This week I thought we’d talk about the benefit of saving today rather than saving tomorrow. Now I know everyone knows it’s better to start saving young. But I thought it might be an interesting experiment to see just how much of a benefit it is and how that benefit changes under a handful of different scenarios.
- For all of them I’m assuming an average return of 7% per year. Compounded before the addition of that year’s contribution.
- Rather than use Monte Carlo, I’m just doing a simple compounded return.
- Outside of the catch-up calculations. Contributions are constant for each period. I started with $10,000 per year.
- I chose 40 years as the maximum length on a whim. You could make an equally good argument for 50 years or 30 years.
- Savings start from 0.
- For the CoastFIRE comparisons, I run a simple compound calculation for the comparison set from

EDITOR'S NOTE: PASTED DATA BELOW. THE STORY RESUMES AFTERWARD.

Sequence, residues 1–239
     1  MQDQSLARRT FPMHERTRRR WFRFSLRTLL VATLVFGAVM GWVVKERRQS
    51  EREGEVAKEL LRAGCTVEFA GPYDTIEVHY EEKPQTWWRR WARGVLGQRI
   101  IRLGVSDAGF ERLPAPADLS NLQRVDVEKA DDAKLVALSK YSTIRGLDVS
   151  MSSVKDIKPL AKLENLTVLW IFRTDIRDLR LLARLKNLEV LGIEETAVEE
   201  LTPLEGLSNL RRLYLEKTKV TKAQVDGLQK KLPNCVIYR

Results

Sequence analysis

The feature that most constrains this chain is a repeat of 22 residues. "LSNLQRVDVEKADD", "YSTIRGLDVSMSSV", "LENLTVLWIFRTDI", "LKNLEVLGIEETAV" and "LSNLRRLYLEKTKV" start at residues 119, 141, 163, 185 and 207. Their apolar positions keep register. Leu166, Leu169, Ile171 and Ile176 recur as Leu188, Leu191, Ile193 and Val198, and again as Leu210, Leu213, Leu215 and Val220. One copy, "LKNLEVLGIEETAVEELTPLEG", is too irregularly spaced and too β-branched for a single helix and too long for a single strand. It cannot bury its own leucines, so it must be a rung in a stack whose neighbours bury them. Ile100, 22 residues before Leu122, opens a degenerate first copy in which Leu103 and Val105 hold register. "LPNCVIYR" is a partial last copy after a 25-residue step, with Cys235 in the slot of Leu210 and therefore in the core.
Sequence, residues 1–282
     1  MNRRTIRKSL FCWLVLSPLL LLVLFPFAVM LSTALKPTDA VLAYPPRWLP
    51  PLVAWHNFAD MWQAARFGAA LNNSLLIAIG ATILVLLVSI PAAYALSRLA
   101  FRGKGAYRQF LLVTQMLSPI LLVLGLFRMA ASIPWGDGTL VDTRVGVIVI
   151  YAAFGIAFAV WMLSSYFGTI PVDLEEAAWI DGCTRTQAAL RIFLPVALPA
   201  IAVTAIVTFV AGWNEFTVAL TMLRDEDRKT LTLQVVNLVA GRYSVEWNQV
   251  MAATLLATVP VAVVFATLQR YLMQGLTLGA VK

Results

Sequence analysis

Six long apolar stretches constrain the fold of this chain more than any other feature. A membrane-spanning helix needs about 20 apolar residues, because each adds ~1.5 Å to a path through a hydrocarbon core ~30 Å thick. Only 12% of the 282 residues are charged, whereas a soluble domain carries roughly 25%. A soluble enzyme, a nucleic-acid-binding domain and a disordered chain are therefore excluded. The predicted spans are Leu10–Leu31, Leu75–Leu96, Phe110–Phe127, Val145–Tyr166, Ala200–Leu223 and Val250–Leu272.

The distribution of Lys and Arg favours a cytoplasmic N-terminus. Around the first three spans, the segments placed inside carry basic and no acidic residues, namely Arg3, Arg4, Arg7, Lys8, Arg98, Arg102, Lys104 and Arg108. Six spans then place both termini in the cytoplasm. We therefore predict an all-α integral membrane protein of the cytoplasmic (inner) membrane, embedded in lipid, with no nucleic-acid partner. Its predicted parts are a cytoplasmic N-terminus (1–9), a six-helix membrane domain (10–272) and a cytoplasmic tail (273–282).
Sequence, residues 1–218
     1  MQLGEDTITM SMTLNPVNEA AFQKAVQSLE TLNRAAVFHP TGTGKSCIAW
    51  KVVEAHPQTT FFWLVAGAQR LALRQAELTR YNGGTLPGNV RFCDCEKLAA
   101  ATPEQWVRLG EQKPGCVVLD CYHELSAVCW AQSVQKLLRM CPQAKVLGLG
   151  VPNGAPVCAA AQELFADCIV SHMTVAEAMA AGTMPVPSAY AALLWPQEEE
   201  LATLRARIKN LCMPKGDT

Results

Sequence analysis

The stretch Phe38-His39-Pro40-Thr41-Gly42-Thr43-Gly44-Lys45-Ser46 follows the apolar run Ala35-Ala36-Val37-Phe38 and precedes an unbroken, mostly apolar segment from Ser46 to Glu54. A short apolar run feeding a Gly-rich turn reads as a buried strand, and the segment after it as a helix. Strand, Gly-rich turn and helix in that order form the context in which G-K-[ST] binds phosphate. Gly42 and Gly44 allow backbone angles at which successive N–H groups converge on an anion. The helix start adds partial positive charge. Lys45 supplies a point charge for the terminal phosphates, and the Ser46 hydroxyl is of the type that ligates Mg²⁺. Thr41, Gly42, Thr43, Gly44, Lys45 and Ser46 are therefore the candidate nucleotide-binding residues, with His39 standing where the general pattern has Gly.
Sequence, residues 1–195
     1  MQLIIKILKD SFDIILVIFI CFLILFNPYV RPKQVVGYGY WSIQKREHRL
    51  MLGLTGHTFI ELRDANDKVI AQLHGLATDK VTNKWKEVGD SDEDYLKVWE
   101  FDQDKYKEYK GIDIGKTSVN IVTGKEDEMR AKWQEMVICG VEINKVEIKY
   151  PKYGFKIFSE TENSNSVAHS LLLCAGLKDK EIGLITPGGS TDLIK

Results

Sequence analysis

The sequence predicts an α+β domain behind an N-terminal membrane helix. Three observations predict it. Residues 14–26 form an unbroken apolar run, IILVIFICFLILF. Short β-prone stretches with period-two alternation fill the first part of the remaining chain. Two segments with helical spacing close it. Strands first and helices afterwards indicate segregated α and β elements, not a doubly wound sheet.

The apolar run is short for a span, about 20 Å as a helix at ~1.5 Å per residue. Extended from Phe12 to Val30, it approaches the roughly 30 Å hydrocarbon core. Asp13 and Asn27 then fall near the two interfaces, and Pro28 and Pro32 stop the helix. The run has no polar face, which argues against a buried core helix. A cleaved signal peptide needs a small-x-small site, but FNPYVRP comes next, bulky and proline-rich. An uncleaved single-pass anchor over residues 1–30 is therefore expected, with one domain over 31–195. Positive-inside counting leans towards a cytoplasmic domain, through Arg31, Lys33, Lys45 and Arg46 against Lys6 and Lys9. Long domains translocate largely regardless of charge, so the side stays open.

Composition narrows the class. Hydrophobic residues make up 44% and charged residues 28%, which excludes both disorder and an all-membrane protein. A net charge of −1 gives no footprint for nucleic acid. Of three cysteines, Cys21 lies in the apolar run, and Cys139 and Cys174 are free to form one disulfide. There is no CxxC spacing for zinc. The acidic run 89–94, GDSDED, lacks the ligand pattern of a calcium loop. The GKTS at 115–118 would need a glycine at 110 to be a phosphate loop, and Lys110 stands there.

- My loops were set up as such A[j]=A[j-1]*(1+r)+C. Where A[j] is the value of your portfolio at year j, r is the interest rate, and C is the yearly contribution. I then created a loop that iterated for each year.
- As I’m using 7% to handle inflation, I’m also assuming the $10,000 is inflation adjusted.
As always. I am not a financial advisor and nothing within this post should be taken as financial advice. This was just an interesting experiment that occurred to me one day and I thought I could crunch some numbers to see what it looked like in the end.
Below are the individual returns for the test case with a constant $10,000 across all tested cases. This is just looking at how much each year with little to no savings costs you.
Obviously, having extra years of savings without compounding will give you more. I don’t think anything surprising comes out of this graph. This is what we all know when it comes to compounding.
I also thought it would be interesting to compare this against someone who has stopped saving after hitting a certain value. So I created a sort of CoastFire portfolio and considered that against the groups that have started saving from nothing at a later date.